Mr. JOHN HOLLINGSHEAD, after expressing his opinion that Mr. IRVING had been "seeing visions,"—which of course is quite an Irvingite characteristic,—proposed to put everything right everywhere, and be the Universal Legislator and Official Representative of Everybody. Salary not so much an object as a comfortable home, a recognised official position, and "No Fees." (The Commission still sitting may perhaps dissolve itself, and appoint the last witness as Sole Theatrical and Music Hall Commissioner, with no power to add to his number.)


ESSENCE OF PARLIAMENT.

EXTRACTED FROM THE DIARY OF TOBY, M.P.

House of Commons, Monday, May 9.—House dealt with just now after manner of Horticultural Exhibition at Earl's Court. Laid out as three acres, through which JESSE COLLINGS might be expected to lead the cow. But, as SQUIRE OF MALWOOD (a great authority on stock matters) says, the esteemed quadruped is dead, abandoned by its protector at time of disruption of Liberal Party. Exists now only in the form of carcass, to be found rather in butchers' shops than on quiet pastures. Pity, this. Difficult to imagine any better arrangement for what theatrical people call "properties" than the cow—probably with a blue ribbon round its neck—led through three acres of green meadow by JESSE COLLINGS, in clean smock-frock, with a crook in his hand.

The Doctor-Baronet.The Doctor-Baronet.

Dr. CLARK says they don't drive cattle with crooks. But that's a detail. CLARK sure to contradict in any case.

Things very quiet to-night; quite pastoral. Only one outburst; that arose when FOSTER accused CHAMBERLAIN of saying the thing that is not. CHAMBERLAIN hotly rose, and appealed to Chairman to say whether the Doctor-Baronet was in order. COURTNEY said, since he was asked, he must say he thought not. So FOSTER changed the prescription. CHAPLIN much gratified at this speedy close of rupture that threatened progress with Bill. Presided over discussion with urbanity that was irresistible.

"Reminds me," said WILFRID LAWSON, looking across at Right Hon. Gentleman seated on Treasury Bench, with deeply-bayed shirt-front, and head closely bent over copy of Bill, "of a motherly hen gathering its brood under its wings, and trying to make things comfortable all round. Sometimes, when one of the brood grows a trifle importunate, the motherly expression on the expansive face sharpens, and the chicken is pecked at. But, on the whole, little to disturb the serenity of the coop."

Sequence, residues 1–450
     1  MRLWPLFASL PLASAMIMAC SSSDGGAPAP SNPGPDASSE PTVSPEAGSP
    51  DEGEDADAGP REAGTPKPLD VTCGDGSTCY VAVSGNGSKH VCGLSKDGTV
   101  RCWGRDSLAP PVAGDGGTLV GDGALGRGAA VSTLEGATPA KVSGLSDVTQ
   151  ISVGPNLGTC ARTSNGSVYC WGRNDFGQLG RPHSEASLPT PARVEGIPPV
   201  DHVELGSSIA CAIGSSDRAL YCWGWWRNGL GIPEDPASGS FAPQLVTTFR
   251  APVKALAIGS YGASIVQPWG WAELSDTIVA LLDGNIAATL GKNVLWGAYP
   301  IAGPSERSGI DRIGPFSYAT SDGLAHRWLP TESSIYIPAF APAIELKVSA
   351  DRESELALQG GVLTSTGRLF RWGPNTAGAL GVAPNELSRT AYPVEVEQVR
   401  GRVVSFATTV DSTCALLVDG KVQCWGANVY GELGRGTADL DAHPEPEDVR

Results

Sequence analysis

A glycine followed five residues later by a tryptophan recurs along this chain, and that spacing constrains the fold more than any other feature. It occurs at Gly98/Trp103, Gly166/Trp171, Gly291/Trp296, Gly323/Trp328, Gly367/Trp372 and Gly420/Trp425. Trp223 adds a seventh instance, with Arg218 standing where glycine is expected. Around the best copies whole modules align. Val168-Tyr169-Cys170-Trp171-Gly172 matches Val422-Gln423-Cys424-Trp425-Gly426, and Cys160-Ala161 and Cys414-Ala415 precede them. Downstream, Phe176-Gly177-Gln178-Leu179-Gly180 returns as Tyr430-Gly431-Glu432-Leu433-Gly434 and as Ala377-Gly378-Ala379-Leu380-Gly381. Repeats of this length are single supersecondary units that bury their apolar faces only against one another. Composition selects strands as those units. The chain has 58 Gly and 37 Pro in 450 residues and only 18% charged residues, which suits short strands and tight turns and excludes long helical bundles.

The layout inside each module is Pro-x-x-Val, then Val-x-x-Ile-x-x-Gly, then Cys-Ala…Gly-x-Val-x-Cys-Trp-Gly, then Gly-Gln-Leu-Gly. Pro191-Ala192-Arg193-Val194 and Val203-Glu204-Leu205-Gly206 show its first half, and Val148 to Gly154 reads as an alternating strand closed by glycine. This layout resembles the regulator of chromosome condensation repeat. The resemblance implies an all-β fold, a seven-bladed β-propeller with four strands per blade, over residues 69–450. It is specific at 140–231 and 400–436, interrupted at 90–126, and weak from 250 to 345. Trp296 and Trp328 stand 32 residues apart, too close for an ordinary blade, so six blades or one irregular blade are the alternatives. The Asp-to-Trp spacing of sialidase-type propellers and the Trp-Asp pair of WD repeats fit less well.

Never before thought of CHAPLIN as an old hen. But, really, with the place permeated with agricultural and farm-yard associations, LAWSON's idea not so far out of it as it might appear to the domestic circle at Blankney Hall.

At half-past eleven those Scotchmen came up again. Upset the henroost, devoured what was left of the cow, dug up the verdurous three acres, and till two o'clock in the morning harried the Commissioners under the Scotch University Act. Business done.—In Committee on the Small Holdings Bill.

'Order! Order!'"Order! Order!"

Tuesday.—Don't know what we shall do when WIGGIN leaves us, as he threatens to do after Dissolution. Not much here just now, but sometimes his face seen in House or Lobbies, piercing surrounding gloom like what SWIFT MACNEILL distantly alludes to as "the orb of day." Only WIGGIN could have thought of the little divertissement that for a few moments raised depressed spirits of House this afternoon. Resumed at morning Sitting (so called because it takes place in the afternoon) discussion of Small Holdings Bill. SEALE-HAYNE,—whose reputation as a humorist still lingers a tradition in the playing fields at Eton, but whose subsequent political career has subdued his vivacity,—moved Amendment. Something about compensation for cow-sheds. COBB airily addressed the Committee; and CHAPLIN whispered a few confidential remarks across Table.